“Technically, it delinks Medicaid expansion from the budget bills,” says Hanger. But he adds that many seem to have forgotten that the General Assembly actually approved of Medicaid expansion last year “if a series of reforms were taken.” He says his plan would insure that just that happens and he believes it could happen quickly while the budget impasse is resolved separately.

He says that Howell, who has stubbornly resisted any Medicaid expansion this legislative session, seems amenable. So does McAuliffe.

The danger, of course, is that decoupling Medicaid from the budget bills takes away leverage points from both sides. Democratic Senator Dick Saslaw fears some kind of trick as do some Republicans.

My view is that sure there’s that risk, but it’s getting really late to keep playing chicken. My view also is that McAuliffe has done a hell of a lot more to compromise than Howell has.

Also, in my view, a private exchange is not the best way to go to expand Medicaid but the reality is that Virginia has a highly conservative legislature. Other conservative states such as Indiana have managed health care expansion through private exchanges, so I guess half a loaf is better than no loaf.

It seems that Hanger’s proposed deal might just get that, and not too late, either. It’s worth a look since the financial and health alternatives are truly terrible to contemplate.

Richmond Mayor Jones Bunts

richmond-flying-squirrels-comic-nutzyBy Peter Galuszka

In a blow to Richmond’s business elite, Richmond Mayor Dwight C. Jones has withdrawn, at least for now, his $80 million project to build a new minor league baseball stadium as part of a mixed-use, publicly-funded development in the city’s historic Shockoe Bottom.

The stadium had been up for a council vote Tuesday night but  ran into trouble when three swing vote councilmen indicated they’d vote it down. Jones says it may come back.

The new stadium which would be home to the Minor League AA Richmond Flying Squirrels was to anchor a new slave museum and mixed use development near the city’s Main Street station downtown. The current location is the crumbling Diamond on North Boulevard.

This is the third time a plan to move the stadium to congested Shockoe Bottom has run into trouble in 10 years. Failure to replace the Diamond was one reason why the AAA Richmond Braves bolted to the Atlanta suburbs a few years back. There are a number of reasons why the plan is dead, at least for now:

  • Secrecy. The third attempt sprang from Venture Richmond, a marketing group controlled by the city’s business elite. From the git go and true to form in corporate Richmond, everything was done behind closed doors. Even when Jones announced the plan formally in November, it was dotted with questions such as what to do about a slave museum since neighboring ground is hallowed with the blood and tears of slaves. Deadlines were missed and missed again to explain what the plan was all about.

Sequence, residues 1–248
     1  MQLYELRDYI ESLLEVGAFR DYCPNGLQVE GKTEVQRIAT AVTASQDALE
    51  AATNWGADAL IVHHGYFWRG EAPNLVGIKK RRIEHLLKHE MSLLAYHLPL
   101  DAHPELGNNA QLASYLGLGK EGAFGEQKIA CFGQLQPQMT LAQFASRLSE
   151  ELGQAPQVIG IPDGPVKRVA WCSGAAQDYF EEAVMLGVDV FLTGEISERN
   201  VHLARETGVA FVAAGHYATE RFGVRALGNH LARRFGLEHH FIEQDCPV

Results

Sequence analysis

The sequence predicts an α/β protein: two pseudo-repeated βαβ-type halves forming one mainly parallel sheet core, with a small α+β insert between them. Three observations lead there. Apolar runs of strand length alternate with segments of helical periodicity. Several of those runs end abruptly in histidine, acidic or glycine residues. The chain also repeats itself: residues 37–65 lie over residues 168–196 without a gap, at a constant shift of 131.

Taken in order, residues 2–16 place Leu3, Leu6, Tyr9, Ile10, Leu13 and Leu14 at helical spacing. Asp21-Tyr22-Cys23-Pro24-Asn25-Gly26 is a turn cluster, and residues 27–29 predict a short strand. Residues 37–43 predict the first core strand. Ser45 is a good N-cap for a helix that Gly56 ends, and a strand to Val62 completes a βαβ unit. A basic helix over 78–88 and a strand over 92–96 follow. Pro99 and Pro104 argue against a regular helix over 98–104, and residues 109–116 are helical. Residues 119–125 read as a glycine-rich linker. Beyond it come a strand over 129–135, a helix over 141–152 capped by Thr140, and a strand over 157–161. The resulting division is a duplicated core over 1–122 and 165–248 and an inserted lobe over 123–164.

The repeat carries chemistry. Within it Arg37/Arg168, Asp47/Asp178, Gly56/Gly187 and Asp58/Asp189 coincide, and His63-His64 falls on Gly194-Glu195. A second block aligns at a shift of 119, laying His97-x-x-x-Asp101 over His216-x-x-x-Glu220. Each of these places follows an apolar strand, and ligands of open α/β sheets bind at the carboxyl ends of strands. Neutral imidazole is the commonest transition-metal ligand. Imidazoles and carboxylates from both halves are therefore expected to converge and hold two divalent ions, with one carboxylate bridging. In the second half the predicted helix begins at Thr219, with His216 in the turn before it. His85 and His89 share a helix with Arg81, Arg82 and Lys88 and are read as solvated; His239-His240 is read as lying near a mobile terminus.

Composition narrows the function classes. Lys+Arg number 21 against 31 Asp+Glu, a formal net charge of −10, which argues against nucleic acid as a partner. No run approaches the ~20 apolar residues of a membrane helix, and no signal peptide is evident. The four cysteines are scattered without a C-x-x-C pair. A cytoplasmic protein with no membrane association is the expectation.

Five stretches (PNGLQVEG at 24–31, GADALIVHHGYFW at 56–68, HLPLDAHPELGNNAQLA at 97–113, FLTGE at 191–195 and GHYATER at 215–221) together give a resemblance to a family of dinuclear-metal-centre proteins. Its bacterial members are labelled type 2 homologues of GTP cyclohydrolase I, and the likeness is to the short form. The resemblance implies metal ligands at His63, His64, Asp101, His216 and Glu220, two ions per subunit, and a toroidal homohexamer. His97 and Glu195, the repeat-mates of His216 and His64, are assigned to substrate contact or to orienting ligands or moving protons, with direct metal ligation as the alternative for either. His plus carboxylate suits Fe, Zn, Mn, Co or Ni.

• Bad PR: The arrogance of the city’s controlling interests and the low esteem with which they hold ordinary citizens is breathtaking. The editorial section of the local paper ran story after story propagandizing for the Shockoe stadium. They even ran one incredibly tasteless and bizarre cartoon on a Sunday editorial page. A young-African-American woman, neatly coiffed and carrying design shipping bags, walks arm-in-arm with her studly, white husband wearing a Squirrels cap while playing catch with their mixed-race youngster. One assumes they are walking to the new ballpark past the slave museum. Get it? “Look how far we have gone from torturing slaves to our happy interracial family today.”
  • No other ideas allowed. A Chesterfield development firm came up with a counter proposal to build a new stadium near the Diamond site and add some badly-needed retail. The Mayor and his kin reacted vigorously to shut down the plan. Emails came up among the ruling elite that the plan was not to keep suburbanites in their comfort zones. A big advantage with the so-called RebKee idea is that no public money would be involved to keep the ballpark at its convenient and popular location.
  • Public money? Part of the Shockoe plan would have involved millions in public funds. Some $79.6 million would be funded through bonds let by the Richmond Economic Development Authority. Councilman Jonathan Baliles worried that the city had voted an amendment to be let off the hook for the bonds. They didn’t want to have the “moral obligation.” If not the city, then who gets the tab if it goes bad?
  • The fans don’t matter. Gee in all of this mess and intrigue, no one seems to be asking the Squirrels fans what they think. A few takeaways are that most of  them come from the suburbs and polls show that most like the current site just fine since it is where Interstates 95 and 64 connect. Many are moms and dads with 10-year-olds. Apparently in the thinking of the city’s ruling elite who push the idea of Richmond being “the capital of creativity,” these average suburbanites don’t count. They don’t fit the image of the hip, cool, tat-sleeved yuppie dabbling in the arts or software that they so badly want to use as marketing for the New Richmond they envision. Fact is, many fans with a van-load of kids probably aren’t interested in downing craft beer or designer cocktails right after the game. They probably want to get their tuckered-out tykes back to their boring, car-centric suburban homes. Apparently, they don’t count. I attended a Squirrels game a few weeks ago for Chesterfield Monthly and out of 12 families I spoke with only one wanted to leave the current Boulevard site.

My takeaway? The Squirrels are showing a lot more patience and class than the Braves. Either start something serious at the Boulevard site or come up with a few honest, open and clear proposals. It should not be up to just Richmond, however, even though they own the stadium, since their fan base is out of the city. And if Richmond fails, screw the city and built it at Short Pump or at some other suburban location. Try to stick with private money.